There are very few animals in the African bush that hibernate, and lions are not one of them. There are a few reasons why lions don’t hibernate and we’re going to go through them below.
Animals hibernate to survive harsh winters and a lack of food. Lions being they top the food chain in their habitat, and living in favorable weather conditions have no need to hibernate.
Do Lions Hibernate?
No, lions don’t hibernate. The main reasons why lions do not hibernate is because of the hot climate, the abundance of food year-round, the risk of being attacked, and the fact that they can’t go without food.
Lions are the only felines that live in social groups, called prides. Each pride has its territory that contains at least one source of water and an unlimited source of food.
To keep the territory and the pride fed, all lions need to put in a lot of work all the time. Because prides are usually big (up to 40 lions) and the cubs are always the last to eat, the hunting needs to be frequent enough to feed everyone sufficiently.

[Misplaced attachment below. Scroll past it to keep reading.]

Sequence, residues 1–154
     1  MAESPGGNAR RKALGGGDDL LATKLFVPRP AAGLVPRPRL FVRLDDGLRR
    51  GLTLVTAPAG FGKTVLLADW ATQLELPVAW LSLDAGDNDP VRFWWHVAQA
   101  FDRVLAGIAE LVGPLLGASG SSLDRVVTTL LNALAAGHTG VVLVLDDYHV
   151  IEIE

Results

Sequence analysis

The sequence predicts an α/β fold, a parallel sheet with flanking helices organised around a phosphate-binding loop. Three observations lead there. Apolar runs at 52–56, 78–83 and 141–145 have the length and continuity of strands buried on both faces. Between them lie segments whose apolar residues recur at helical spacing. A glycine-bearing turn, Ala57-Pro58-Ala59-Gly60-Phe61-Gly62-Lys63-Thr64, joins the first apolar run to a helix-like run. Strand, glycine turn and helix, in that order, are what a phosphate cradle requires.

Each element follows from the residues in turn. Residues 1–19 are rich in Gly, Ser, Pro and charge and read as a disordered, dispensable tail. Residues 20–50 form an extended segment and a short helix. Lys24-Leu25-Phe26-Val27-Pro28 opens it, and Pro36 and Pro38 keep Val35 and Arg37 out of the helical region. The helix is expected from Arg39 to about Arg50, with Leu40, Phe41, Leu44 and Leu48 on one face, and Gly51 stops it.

Lions never hibernate, given the constant need to be active and a few other reasons.
5 Reasons Why Lions Don’t Hibernate
Hibernation is a way for animals to survive harsh conditions while preserving their energy. In the wild, lions don’t have a need for hibernation.
Fortunately for lions, their territories happen to be in the warmer parts of the earth, so they never experience cold winters.
The majority of lions live in sub-Saharan Africa, and a small group also resides in Western India. Both places have warm to hot climates, where there is no snowfall and temperatures never drop below 48F (in India) and 68F (in Africa).
What this means is that lions don’t have to worry about bad weather. Their coats are sufficient enough to feel comfortable during the winter months, and therefore they don’t need to hibernate to survive until the next season comes around.